P.L. 110-372, October 8, 2008, 122 Stat. 4043-4046; 5 U.S.C. 5376. Homeland Security Act of 2002, P.L. 107-296, Title XIII, 1322, November 25, 2002; 116 Stat. 2135, at 2297-2298; 5 U.S.C. 5307(d) provided for OPM certification of agency performance appraisal systems with the concurrence of the Office of Management and Budget (OMB). See footnote 19 for the regulations implementing the provision. An agencys certification is for a period of two calendar years, but may be terminated at any time upon a finding that the agency has not conformed with applicable requirements. 26 5 U.S.C. 5307(a)(1). 27 There are 32 locality pay areas for the purposes of the locality-based comparability payments31 discrete pay areas and a Rest of the United States pay area covering all employees not in one of the 31 areas. Salary information for SL and ST employees in all 32 locality pay areas for January 2004 through January 2009 is available on the Internet at http://www.opm.gov.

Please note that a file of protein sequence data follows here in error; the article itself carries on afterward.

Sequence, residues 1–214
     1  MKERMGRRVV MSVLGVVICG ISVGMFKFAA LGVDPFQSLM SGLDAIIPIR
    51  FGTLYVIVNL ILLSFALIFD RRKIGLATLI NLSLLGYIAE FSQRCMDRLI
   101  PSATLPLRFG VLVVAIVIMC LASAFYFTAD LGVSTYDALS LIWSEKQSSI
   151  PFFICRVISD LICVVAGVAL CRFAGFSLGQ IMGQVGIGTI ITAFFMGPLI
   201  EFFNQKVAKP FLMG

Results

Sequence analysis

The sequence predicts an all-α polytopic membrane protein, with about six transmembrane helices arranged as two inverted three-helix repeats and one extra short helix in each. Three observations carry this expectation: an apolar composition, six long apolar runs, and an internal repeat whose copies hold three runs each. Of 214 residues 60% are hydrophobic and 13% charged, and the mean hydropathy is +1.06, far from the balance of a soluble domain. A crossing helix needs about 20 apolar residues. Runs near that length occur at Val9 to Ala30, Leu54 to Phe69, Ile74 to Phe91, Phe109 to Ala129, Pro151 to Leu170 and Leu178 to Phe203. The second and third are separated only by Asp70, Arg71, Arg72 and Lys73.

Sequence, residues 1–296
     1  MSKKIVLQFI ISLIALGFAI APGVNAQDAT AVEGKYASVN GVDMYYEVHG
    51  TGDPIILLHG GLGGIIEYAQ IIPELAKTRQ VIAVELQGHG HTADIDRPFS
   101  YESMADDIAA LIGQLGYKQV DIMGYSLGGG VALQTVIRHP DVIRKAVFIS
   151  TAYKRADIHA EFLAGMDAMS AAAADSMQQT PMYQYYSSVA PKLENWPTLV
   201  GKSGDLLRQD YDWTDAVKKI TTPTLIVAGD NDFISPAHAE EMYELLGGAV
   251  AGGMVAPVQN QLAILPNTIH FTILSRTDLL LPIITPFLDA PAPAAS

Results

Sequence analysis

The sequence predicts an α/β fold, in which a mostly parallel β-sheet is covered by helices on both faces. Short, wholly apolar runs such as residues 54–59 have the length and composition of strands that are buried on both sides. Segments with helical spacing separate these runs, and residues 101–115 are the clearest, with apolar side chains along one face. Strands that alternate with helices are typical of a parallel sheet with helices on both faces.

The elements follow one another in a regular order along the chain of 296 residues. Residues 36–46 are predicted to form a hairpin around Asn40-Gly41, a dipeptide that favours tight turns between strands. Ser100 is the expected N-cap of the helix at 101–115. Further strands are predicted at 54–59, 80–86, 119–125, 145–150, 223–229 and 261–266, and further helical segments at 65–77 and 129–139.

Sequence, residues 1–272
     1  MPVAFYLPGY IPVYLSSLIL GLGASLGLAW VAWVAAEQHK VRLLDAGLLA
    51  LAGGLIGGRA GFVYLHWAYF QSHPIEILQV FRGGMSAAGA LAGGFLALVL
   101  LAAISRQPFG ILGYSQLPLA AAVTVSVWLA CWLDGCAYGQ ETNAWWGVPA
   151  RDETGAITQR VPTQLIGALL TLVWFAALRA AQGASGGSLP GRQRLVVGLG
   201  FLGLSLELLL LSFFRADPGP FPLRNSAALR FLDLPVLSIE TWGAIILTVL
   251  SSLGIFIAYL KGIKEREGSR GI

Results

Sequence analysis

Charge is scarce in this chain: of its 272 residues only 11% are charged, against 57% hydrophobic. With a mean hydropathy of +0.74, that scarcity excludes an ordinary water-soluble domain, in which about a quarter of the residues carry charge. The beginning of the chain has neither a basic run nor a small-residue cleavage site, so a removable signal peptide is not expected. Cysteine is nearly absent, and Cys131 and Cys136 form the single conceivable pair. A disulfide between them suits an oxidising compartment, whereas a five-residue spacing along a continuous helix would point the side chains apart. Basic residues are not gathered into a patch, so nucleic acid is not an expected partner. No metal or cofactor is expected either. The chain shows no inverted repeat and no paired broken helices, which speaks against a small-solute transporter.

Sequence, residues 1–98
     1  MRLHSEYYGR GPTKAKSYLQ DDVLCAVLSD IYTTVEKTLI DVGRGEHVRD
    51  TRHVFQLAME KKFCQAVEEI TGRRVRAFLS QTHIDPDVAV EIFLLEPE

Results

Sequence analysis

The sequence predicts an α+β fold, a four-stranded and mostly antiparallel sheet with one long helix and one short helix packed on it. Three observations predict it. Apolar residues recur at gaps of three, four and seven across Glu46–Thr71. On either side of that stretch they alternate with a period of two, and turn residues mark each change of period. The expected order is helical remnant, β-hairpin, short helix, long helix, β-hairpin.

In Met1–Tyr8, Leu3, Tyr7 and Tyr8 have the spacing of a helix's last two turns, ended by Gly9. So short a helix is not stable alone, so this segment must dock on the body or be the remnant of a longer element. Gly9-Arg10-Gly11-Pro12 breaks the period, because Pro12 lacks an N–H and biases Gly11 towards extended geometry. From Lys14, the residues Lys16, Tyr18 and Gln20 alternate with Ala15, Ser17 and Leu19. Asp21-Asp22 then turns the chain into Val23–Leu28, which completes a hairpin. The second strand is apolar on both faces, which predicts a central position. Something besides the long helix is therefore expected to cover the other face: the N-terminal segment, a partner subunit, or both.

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$129,024 Effective January 2007 Basic Pay $111,676 With Locality Pay Adjustment $132,437 Effective January 2008 Basic Pay $114,468 With Locality Pay Adjustment $138,380 Effective January 2009 Basic Pay $117,787 With Locality Pay Adjustments $144,996 Nationwide

$152,000

$123,556

$152,000

Basic Pay $145,400 $154,600 $111,676 With Locality Pay Adjustment $125,792 $154,600 $145,400

Basic Pay $149,000 $158,500 $114,468 With Locality Pay Adjustment $129,555 $158,500 $149,000

Basic Pay $153,200 $162,900 $117,787 With Locality Pay Adjustment $134,112 $162,900 $153,200

Effective January 2010 and January 2011 (salaries frozen at 2010 level) Basic Pay Minimum $119,554 $119,554 Maximum $165,300 $179,700 Performance Appraisal Status Agencies without a certified performance appraisal system Agencies with a certified performance appraisal system